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Does the Presence of a Smoking Cessation Clinical Trial Affect Staff Practices Related to Smoking?

Journal of Drug Issues 2009;39(2):385-400

JongSerl Chun, PhD, Joseph R. Guydish, PhD, Kevin L. Delucchi, PhD (all from University of California, San Francisco, CA/AZ Node).

This study, part of the CTN platform project, "Addressing Tobacco through Organizational Change (ATTOC)," investigated whether organizational changes occurred when nicotine treatments were tested in specialty care clinics (including three CTN community treatment programs). Two intervention clinics (one drug treatment and one HIV-care) participated in clinical trials for nicotine treatment. Three clinics (two drug and one HIV-care) were control clinics. Staff in the intervention clinics (n=57) and in the control clinics (n=62) were surveyed at baseline and 18 months later. Staff surveys concerned nicotine-related knowledge, beliefs about treating smoking, self-efficacy in delivering such treatment, nicotine related practices, and barriers to providing nicotine treatment. Mean scales scores at 18 months were no different in clinics participating in the clinical trials from the control group for any of the five scales (knowledge, practices, barriers, efficacy, and beliefs). The presence of a smoking cessation clinical trial did not influence staff knowledge, attitudes, or practices related to smoking in these clinics. More specific organizational intervention may influence staff practices related to addressing smoking among clients in drug treatment and HIV-care clinics. (Article (Peer-Reviewed), PDF, English, 2009)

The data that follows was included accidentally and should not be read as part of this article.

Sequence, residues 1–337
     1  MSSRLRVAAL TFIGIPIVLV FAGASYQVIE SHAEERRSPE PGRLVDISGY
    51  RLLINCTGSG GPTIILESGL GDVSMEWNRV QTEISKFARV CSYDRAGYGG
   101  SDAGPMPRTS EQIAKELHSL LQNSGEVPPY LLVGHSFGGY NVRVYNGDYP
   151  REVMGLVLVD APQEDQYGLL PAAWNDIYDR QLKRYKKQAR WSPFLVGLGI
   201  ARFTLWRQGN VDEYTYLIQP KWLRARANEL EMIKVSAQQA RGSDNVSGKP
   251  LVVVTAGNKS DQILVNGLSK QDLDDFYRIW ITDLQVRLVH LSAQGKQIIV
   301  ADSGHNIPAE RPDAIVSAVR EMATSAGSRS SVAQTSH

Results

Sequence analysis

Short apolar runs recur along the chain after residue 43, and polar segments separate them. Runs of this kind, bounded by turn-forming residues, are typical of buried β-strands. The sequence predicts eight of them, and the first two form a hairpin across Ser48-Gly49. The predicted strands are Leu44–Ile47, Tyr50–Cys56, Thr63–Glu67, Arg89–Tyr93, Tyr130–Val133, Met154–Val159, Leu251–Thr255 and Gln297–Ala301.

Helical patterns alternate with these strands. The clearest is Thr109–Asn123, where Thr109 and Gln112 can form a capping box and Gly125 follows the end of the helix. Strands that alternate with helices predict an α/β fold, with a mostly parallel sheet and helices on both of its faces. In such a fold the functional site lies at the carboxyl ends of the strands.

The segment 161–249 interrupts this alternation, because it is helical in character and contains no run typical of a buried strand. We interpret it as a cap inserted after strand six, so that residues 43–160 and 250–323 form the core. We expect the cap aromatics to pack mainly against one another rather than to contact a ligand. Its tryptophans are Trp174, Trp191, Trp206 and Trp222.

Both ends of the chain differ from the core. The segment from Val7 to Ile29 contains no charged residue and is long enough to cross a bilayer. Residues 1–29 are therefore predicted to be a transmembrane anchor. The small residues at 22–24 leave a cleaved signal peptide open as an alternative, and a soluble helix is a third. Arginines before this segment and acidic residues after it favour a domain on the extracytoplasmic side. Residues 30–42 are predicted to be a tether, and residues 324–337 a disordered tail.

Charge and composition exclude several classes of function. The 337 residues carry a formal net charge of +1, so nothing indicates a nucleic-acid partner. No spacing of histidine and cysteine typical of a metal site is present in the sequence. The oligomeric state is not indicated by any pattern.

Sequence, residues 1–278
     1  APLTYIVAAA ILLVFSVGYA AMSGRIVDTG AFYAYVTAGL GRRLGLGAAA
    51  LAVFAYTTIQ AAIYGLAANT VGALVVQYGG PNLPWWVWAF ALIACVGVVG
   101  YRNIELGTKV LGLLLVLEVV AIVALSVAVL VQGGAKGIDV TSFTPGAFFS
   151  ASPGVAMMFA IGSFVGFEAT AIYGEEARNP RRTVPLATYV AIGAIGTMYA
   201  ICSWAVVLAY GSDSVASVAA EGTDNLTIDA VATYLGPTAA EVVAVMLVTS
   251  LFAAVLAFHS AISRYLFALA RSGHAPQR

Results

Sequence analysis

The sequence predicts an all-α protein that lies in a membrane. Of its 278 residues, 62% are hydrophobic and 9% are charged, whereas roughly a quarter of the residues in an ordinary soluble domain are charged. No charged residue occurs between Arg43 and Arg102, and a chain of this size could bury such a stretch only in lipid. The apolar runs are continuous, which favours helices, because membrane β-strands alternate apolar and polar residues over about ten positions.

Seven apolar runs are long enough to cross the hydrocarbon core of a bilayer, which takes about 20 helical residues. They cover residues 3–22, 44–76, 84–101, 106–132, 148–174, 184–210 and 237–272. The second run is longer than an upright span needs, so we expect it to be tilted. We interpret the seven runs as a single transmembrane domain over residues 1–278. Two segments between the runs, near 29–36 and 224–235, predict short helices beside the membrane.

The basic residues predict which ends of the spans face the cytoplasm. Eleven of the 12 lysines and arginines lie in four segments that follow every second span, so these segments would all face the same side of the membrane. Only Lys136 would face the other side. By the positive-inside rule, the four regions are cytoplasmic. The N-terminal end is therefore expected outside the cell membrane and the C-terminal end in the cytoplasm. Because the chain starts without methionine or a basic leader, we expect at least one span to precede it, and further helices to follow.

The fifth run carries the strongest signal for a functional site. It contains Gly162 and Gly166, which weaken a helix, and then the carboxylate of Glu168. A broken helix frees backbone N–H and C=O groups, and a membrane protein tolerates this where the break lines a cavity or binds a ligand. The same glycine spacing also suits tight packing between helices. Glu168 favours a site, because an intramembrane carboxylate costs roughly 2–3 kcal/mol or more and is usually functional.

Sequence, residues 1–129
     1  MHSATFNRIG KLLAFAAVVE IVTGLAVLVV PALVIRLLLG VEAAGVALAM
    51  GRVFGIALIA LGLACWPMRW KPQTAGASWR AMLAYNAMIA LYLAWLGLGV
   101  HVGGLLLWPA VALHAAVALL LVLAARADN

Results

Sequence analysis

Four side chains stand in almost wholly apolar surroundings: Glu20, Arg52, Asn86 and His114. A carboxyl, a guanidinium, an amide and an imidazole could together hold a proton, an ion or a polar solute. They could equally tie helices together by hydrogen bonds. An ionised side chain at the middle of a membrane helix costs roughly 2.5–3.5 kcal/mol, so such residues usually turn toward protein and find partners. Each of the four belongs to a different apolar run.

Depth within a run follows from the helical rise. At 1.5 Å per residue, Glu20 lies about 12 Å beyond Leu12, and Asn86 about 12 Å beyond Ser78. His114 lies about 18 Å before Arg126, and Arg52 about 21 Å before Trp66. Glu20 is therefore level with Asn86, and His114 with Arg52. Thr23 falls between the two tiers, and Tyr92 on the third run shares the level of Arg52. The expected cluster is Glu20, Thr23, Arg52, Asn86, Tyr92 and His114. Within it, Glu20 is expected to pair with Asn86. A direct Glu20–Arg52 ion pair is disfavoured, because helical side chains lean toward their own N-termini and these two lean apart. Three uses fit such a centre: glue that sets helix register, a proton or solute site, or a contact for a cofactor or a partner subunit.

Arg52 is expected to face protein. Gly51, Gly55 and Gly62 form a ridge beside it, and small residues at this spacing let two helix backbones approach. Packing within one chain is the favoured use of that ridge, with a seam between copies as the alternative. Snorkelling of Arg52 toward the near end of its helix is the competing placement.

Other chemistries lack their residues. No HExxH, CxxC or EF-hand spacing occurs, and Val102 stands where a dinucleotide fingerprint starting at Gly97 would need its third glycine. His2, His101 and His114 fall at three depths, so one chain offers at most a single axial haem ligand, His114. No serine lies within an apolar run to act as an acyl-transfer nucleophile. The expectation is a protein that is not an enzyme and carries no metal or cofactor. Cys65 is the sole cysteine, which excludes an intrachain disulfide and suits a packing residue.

Keywords: Attitudes of health personnel | Community health services | Counselors | CTN platform/ancillary study | Smoking | Journal of Drug Issues (journal)

Document No: 393, PMID: 20057920, PMCID: PMC2802349

Submitted by Joseph Guydish, University of California, San Francisco, CA/AZ Node, 8/28/2009.


Chun, JongSerl search mail
Delucchi, Kevin L. search mail
Guydish, Joseph R. search mail
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